Does your business perform “construction operations”?
The term “construction operations” is used in the legislation to determine whether certain procedures need to be applied, including the Construction Industry Scheme and the domestic VAT reverse charge.
Businesses that work in the construction industry need to apply these procedures whenever they engage in these operations, but even businesses outside the construction industry need to be aware, as if they spend £1m on operations per year for three years or more as they become deemed contractors in the construction industry.
However, sometimes it is not clear if a service would be considered a construction operation or not. This article aims to highlight some key examples of what is and isn’t a construction operation.
7th December 2021
Amy Chapman See profile
HMRC’s legislation states that construction operations includes “Constructing, altering, repairing, extending, demolishing or dismantling buildings or structures (whether permanent or not), including offshore installation services.”
This also includes “works forming part of the land”.
Although temporary structure are still construction operations, if the structure lasts for less than two months, it is specifically excluded.
It also includes “installing heating, lighting, air-conditioning, ventilation, power supply, drainage, sanitation, water supply or fire protection systems in any building or structure
Which does not include burglar alarms, fire extinguishers or CCTV, but does include traffic management CCTV.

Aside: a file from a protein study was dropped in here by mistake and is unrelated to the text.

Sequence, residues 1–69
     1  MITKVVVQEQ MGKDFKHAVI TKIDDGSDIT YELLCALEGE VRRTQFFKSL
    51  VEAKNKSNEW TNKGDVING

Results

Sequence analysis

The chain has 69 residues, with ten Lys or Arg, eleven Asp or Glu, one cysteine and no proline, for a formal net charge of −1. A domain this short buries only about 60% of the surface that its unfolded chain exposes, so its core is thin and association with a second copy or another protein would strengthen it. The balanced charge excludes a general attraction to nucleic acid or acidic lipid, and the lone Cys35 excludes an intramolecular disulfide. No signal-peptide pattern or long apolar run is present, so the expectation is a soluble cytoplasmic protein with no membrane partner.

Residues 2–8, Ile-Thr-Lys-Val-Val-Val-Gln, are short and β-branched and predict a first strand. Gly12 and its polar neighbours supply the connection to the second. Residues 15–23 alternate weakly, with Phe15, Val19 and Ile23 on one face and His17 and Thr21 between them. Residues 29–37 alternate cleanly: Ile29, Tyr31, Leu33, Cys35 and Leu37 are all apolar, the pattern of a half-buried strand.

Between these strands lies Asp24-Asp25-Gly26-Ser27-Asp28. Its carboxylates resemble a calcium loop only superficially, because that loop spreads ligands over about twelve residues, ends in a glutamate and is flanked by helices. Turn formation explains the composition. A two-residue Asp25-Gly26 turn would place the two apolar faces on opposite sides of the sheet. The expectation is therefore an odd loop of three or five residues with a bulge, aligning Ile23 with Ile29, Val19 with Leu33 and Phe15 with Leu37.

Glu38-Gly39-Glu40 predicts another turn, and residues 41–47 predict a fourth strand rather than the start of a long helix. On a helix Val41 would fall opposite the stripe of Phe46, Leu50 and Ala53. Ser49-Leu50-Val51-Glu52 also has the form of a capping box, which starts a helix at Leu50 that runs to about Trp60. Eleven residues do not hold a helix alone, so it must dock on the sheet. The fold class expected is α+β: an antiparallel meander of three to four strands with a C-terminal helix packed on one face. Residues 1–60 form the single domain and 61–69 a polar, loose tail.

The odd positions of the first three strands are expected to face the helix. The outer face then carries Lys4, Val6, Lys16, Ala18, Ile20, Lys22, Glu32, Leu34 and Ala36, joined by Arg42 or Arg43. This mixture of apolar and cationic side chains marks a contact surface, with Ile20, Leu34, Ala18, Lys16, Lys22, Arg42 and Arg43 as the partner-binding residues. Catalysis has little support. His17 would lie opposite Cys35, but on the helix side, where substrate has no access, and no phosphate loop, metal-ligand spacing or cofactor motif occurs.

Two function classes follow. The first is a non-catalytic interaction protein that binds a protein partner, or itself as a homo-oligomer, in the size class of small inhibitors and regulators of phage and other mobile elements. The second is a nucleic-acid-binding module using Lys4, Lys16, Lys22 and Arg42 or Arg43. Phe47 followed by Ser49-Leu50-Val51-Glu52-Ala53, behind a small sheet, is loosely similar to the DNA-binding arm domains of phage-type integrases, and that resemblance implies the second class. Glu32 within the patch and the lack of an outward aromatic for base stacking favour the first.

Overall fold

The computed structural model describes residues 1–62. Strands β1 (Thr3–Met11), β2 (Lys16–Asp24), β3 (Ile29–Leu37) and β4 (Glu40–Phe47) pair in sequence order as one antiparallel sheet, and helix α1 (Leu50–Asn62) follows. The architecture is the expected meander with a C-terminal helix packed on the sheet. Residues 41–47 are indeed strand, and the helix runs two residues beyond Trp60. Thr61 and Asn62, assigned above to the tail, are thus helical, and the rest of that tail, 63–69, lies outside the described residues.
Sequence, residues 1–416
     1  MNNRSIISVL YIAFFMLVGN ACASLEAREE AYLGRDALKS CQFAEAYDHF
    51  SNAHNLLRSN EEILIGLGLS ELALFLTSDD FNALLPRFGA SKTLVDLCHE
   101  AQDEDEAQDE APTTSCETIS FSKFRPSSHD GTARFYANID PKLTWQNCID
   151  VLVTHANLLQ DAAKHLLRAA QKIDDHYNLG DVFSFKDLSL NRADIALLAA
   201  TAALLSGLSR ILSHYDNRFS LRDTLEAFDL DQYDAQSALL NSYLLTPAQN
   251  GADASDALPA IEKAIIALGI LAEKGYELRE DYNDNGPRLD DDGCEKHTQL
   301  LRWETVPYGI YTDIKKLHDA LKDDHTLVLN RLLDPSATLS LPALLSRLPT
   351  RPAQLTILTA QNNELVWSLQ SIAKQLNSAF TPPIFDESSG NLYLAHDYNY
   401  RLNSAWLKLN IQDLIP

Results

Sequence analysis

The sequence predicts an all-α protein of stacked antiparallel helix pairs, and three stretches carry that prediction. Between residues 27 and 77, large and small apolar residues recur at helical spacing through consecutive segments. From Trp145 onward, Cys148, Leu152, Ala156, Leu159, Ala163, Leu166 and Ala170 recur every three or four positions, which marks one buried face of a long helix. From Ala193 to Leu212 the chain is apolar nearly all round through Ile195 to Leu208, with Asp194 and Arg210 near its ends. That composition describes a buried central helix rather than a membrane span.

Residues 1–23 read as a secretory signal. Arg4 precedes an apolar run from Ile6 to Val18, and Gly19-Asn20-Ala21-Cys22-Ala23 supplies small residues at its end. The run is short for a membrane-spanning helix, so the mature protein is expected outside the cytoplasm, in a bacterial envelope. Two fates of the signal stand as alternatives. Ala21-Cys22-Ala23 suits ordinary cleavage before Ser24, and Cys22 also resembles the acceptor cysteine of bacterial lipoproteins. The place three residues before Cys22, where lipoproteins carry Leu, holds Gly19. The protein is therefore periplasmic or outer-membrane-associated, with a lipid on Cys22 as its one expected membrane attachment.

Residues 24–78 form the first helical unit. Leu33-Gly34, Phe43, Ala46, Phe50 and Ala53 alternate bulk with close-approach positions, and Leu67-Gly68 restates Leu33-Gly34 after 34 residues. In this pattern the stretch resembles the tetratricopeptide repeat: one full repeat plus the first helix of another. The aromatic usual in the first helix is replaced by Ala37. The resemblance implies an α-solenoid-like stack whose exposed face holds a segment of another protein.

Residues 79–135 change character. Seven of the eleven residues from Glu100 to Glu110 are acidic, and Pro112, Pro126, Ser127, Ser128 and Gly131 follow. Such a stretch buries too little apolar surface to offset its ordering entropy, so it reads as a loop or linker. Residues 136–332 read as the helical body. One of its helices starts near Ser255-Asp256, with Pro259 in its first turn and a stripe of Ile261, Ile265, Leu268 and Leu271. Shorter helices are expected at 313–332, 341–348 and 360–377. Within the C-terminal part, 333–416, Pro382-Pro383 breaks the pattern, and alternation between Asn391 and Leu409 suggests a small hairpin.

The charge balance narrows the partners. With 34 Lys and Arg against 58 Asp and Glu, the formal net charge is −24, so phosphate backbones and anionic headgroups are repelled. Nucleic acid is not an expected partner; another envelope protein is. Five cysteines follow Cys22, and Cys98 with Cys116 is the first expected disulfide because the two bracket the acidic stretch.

It also does not include repairs of these specific systems, but repairs of the building or structure are included.
Also included is “painting or decorating the internal or external surfaces of any building or structure”.
However wholly artistic works such as a mural, with no building function at all, are not included.
Generally professional work is excluded but architects and surveyors who start taking on role of project manager are. If you work in this field you should discuss gross registering just in case if you are eligible.
Works to finish a building project – such as landscaping and cleaning – also fall under construction operations, even if these would normally be excluded. Even after construction has finished, these still count as construction operations until the property is sold.
If you are not supplying labour, (i.e. just producing materials), generally this is excluded, but if you drive materials around on site, this could be caught.
This also applies to plant – if you hire someone to operate a digger that is construction operations but hire of a skip would not be for example.
There are some nuances – if a property investor buys a run-down building and does it up to let it out, is that construction operations? If it is “substantial”, then yes, definitely, and the purchaser would actually be considered a property developer. If it is general repairs, this is still construction work, but the thresholds for deemed contractors would apply.
There are many specifics – as well as many grey areas – in the legislation, and so if you are in any doubt, please have a discussion with your accountant or adviser.